AMD juggles a lot of CPU launches each year, and among those launches, the most sought-after options for gamers are the ones with no integrated GPUs. However, AMD also introduces processors with integrated graphics oriented for all-in-one usage. One such processor is the Ryzen 7 5700G.

The Ryzen 5700G comprises relatively older integrated graphics based on Vega-8 architecture, remodeled as the Radeon graphics. Although the CPU itself is pretty formidable, with eight cores and sixteen threads, the iGPU has also been regarded as one of the fastest integrated GPUs out there. What makes the iGPU in the 5700g so good is its eight graphics cores and about 2 GHz clock speeds.

It’s fascinating to witness newer CPUs coming with integrated GPUs. In the pursuit of making CPU chip sizes smaller, integrated graphics have seen a lot of improvement over the years. Entailing their own dedicated cores and speeds, these graphics are easily comparable to low-end GPUs of the olden times.

GPU equivalent to the Ryzen 7 5700G

The Ryzen 7 5700g can provide a low-end or entry-level 1080p gaming experience. This feat makes it an easy match for the GTX 950 and RX 560 GPUs, both of which are pretty old GPUs. The Ryzen 7 5700g is slightly more efficient than both, but they are excellent references for understanding its effectiveness.

The GTX 950 has been the assigned choice for many years for low-end gaming, as well as the RX 560. After a few years, their sub-100$ costs made them an easy pick, and while they could provision decent FPS, they aren’t really future-proof and have become more or less obsolete at this point, and would be out of the count if not for their price that they are available at.

Nvidia GTX 950

Back in 2014, the GTX 950 was considered an excellent low-end GPU with much to offer for that time. With simple graphical assets, the games weren’t seriously demanding, so the 950 shined as a default choice for many budget-stuck gamers.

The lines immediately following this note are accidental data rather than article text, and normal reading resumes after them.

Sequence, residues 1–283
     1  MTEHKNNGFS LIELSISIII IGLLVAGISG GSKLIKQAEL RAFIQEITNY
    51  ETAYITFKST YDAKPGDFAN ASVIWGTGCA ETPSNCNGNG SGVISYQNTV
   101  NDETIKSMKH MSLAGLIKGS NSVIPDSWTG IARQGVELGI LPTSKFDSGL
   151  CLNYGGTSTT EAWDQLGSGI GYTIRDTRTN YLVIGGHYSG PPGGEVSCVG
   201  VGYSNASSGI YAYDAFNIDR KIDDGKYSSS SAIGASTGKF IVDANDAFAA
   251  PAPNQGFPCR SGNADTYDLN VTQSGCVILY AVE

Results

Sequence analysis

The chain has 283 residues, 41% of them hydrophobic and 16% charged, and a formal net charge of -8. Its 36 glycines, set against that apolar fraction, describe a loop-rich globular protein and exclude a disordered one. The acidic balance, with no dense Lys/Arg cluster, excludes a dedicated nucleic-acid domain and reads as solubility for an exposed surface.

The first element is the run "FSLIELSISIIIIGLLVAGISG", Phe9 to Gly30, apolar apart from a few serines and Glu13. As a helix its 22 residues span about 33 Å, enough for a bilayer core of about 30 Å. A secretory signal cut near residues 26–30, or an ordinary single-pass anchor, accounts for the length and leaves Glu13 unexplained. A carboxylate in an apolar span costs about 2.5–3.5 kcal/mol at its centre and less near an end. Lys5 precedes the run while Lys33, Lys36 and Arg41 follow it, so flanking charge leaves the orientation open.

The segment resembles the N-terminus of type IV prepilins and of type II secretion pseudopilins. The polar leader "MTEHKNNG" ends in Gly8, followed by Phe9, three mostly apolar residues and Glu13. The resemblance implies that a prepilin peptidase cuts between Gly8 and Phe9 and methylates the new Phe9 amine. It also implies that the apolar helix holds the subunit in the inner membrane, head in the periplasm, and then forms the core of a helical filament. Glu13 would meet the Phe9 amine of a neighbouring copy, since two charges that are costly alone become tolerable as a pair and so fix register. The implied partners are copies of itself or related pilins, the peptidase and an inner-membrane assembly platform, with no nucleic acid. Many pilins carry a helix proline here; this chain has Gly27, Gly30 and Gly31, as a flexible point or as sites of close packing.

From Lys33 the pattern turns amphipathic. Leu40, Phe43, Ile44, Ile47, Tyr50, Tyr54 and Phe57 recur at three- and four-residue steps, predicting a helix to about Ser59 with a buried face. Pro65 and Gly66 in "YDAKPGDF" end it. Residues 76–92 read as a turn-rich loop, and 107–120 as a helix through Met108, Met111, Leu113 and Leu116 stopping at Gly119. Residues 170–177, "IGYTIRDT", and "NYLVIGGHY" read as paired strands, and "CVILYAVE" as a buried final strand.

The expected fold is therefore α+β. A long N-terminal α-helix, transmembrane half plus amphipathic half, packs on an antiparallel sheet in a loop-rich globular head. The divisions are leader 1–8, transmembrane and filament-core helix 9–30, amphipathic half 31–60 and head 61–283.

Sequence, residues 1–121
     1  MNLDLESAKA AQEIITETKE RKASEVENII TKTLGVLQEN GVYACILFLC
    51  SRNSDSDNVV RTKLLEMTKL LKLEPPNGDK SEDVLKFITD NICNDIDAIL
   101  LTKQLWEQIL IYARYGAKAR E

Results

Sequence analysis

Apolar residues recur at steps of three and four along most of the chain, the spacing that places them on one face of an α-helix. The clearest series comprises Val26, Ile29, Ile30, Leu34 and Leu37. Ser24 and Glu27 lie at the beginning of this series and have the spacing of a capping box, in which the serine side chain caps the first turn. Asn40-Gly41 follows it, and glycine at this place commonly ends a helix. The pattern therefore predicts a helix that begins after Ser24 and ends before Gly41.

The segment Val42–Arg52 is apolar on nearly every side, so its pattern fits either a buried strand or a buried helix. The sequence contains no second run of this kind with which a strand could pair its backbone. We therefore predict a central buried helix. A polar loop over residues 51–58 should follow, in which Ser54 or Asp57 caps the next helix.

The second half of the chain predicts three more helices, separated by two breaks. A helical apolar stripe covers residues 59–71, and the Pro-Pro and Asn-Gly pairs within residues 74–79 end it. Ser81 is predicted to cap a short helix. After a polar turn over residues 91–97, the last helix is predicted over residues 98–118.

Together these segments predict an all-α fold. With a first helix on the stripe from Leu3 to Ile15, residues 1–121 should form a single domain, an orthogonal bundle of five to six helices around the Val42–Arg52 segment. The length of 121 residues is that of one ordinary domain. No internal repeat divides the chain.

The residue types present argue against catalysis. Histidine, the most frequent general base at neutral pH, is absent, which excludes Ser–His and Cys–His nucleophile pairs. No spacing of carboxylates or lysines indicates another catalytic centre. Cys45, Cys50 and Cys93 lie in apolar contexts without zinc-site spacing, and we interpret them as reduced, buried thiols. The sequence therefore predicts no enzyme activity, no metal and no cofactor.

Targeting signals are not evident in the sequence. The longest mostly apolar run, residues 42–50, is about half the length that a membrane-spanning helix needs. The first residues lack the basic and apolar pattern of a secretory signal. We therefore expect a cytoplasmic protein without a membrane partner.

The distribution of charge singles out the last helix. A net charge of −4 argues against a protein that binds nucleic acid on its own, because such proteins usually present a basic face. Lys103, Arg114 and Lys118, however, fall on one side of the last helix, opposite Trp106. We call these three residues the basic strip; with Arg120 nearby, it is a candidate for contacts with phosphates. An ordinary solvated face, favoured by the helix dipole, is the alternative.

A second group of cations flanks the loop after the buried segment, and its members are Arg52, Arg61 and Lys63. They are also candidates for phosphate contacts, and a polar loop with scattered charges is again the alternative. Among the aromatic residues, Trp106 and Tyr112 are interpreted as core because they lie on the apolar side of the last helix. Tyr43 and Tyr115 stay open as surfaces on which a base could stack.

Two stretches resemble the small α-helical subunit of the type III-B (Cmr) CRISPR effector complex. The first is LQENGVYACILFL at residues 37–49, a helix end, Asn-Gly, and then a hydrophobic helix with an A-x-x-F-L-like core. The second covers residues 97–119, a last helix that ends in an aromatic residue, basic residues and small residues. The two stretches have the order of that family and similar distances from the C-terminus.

Using the Maxwell architecture and 28nm processing chip, the GTX 950 didn’t age gracefully because of its measly two gig memory. The 950 has some redeeming qualities, such as over 700 shading units and over 1 GHz clock speeds.

It is capable of 1080p gameplay but at shallow settings on modern games. However, if you are looking for a simple computing experience with a margin for upgrade, the GTX 950 works well enough to get you through your day.

AMD Radeon RX 560

The RX 560 is part of a timeless series, some still being used for not-too-heavy games. The 560 is three years younger than the GTX 950 and utilizes the GCN 4.0 architecture, a fundamental tech for many of AMD’s graphics processors.

The RX 560 has a four-gig video memory and over a thousand stream units. These units work at 1275 MHz speeds. Moreover, this card has a 14nm chip that is power-wise efficient and works well within its bounds.

It is slightly faster than the GTX 950 but a tad slower than the Ryzen 5700g iGPU. Although its low-end performance is enough to run games at perceivable graphics, it’s only apt for very light gaming and day-to-day tasking.

Best Suitable GPUs for the Ryzen 7 5700G

Enough about the integrated GPU. If you are getting this processor for gaming and content creation, you will need an external dedicated graphics card. Fortunately, we have just the right GPUs for you to pair with the Ryzen 7 5700g.

The best graphics cards that fit the Ryzen 5700g like a glove are the RX 6700 XT and RTX 3060. The RTX 3060 is a more content/gaming-oriented GPU with much to deliver in both domains. It capitalizes on exquisite features to give a purposeful creative experience with smooth gaming frames for 1440p.

The RX 6700 XT is a brilliant card with tremendous graphical power. It effectively executes game and visual assets at a higher resolution of at least 2K and facilitates a much-refined experience. Furthermore, it garnishes its outstanding performance with marvelous pricing and a sweeping value for money.

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Zain Ali
Zain Ali

Zain is a gamer who turned into a tech enthusiast the day he got his first PC. He loves to play with whatever components he can get his hands on. His love for custom PC hardware is unfathomable, and he keeps it alive by writing about it as well as doing practicals in real life along with the continuation of his degree in business administration.

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